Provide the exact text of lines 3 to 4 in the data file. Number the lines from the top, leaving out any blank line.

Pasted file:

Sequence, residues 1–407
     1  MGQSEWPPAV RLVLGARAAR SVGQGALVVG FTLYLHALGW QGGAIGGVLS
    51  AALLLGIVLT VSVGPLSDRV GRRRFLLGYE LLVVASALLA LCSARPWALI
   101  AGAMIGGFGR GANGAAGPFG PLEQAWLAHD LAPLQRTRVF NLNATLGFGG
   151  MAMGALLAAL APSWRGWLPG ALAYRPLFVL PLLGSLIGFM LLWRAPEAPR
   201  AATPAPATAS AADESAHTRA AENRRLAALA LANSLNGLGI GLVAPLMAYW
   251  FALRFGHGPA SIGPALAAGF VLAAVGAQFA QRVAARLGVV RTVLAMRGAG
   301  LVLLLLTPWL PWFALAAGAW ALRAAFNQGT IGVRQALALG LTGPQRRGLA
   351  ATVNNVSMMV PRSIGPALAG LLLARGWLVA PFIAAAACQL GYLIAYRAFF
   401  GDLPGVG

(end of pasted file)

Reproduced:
    51  AALLLGIVLT VSVGPLSDRV GRRRFLLGYE LLVVASALLA LCSARPWALI
   101  AGAMIGGFGR GANGAAGPFG PLEQAWLAHD LAPLQRTRVF NLNATLGFGG